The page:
Although this response is closer to the truth than the populists’ proposition, it is nowhere near as powerful due to its lack of emotion and vision. Moreover, it is intellectually lazy to argue that the status quo is good just because it is better than an unrealistic, nationalist version of Europe. The status quo is not good enough. If it was sufficient, we would not have to write articles like this one, worrying about the decline of liberal democracy.
We have to put forward our own vision of a democratic Europe, rooted in the rule of law, committed to providing opportunities to its citizenry, ambitious in its approach to the big issues of today and striving to be an example of human progress. As long as the status quo does not provide this, it is on us to criticise and propose changes to the status quo. The fight for Europe can only be won on the offensive.
Second, we need to identify and unite against those that stand in opposition of these objectives and values. I do not mean just the populists by this. Dictatorships are increasingly challenging liberal democracy across the globe. The Chinese regime is building a dystopian digital dictatorship that is amassing power at great speed.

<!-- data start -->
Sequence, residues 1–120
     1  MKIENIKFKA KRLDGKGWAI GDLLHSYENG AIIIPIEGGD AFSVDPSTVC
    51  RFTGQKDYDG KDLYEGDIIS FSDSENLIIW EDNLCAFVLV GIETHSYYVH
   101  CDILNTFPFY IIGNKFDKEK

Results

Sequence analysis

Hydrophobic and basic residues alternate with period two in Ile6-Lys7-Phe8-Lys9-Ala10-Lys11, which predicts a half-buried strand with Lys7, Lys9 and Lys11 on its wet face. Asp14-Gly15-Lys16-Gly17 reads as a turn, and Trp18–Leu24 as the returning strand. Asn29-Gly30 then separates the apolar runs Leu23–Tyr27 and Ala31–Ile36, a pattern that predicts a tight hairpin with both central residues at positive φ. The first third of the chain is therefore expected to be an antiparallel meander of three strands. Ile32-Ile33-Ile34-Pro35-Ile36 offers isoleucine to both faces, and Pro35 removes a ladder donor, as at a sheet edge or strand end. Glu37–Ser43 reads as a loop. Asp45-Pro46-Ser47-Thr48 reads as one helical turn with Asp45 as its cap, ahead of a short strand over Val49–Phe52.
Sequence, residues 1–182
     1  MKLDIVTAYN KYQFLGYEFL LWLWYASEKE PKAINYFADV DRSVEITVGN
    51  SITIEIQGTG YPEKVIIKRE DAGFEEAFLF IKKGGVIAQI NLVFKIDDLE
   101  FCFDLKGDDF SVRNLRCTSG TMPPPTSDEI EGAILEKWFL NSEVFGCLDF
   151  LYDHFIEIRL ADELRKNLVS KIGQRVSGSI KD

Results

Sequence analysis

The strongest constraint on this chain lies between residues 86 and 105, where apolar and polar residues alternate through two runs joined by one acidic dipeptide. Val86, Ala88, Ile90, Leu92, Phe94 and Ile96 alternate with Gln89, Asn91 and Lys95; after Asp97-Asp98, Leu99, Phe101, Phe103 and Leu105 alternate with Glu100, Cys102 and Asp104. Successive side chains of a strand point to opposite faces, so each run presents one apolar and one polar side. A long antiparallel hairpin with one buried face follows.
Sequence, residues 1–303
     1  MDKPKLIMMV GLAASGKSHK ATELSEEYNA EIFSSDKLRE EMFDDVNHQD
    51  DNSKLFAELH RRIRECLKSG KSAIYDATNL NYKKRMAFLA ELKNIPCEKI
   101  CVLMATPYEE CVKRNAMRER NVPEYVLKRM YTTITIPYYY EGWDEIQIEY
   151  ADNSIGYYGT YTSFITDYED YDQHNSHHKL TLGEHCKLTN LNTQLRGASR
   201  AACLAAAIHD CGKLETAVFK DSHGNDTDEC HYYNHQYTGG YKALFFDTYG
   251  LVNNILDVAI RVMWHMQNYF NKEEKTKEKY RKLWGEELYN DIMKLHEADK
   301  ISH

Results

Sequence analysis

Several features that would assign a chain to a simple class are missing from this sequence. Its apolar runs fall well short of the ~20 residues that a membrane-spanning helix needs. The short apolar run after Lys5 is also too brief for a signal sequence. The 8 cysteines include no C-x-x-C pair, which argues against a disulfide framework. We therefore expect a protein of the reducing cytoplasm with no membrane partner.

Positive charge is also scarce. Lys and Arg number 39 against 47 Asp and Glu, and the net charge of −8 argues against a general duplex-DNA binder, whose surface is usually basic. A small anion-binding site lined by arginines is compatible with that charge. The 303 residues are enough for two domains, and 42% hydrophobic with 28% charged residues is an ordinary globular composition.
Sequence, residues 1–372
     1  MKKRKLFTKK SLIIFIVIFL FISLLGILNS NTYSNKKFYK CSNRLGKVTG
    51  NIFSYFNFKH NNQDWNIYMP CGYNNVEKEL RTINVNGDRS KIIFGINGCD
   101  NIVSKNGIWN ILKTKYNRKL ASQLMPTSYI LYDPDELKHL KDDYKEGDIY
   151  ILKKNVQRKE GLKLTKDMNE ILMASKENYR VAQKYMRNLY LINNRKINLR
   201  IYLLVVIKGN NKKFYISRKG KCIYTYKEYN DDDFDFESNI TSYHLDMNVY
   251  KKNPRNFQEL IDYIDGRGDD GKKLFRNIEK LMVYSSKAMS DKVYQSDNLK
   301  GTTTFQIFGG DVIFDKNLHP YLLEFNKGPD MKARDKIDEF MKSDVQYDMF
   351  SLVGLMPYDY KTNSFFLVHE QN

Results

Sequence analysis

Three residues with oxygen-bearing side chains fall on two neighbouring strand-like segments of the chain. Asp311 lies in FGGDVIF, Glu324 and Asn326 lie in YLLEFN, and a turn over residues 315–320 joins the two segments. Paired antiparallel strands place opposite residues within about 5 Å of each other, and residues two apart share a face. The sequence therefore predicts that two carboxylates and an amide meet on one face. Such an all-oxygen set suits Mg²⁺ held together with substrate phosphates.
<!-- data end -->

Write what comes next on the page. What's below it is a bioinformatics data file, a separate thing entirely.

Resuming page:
The Russian regime violates the foundations of the international rules-based border through its military interventions in Ukraine and Syria, as well as by conducting misinformation campaigns against democracies that aim to undermine the informed political discourse central to the success of democracy.
Uniting against these adversaries is essential for the survival of liberal democracy. These actions would also provide a counter-narrative to the populists who have been propelled into positions of influence by mobilising constituencies against allegedly illiberal migrants.
Additionally, while the politics of us versus them is dangerous, they are actual threats to liberal democracy. If we hesitate to talk about and confront them, we stay vulnerable to these threats and leave one of the most important areas of public discussion, namely “who is our adversary?”, open for the populists to define at their discretion.
Both strategies are probably counterintuitive to established politicians that have grown up, politically, in the belief that there were no real adversaries to liberal democracy anymore and that the essential questions of our times were technocratic, rather than political, in nature. Liberal democracy will have to be strengthened by a new generation. Considering myself a part of this new generation, I propose we fight for a truly democratic and federal Europe with a real European government.
Let’s advance towards a federal Europe that has all the military capabilities to defend itself against its adversaries, but sources its power from its ability to outshine its adversaries due to the opportunities it provides to people irrespective of their origin, gender, belief or wealth. One might say that this is a distant vision and this might be true. However, it is a lot likelier to work out well for Europeans than a divided Europe of populist nation-states.
*Member of the Board at the political movement Operation Libero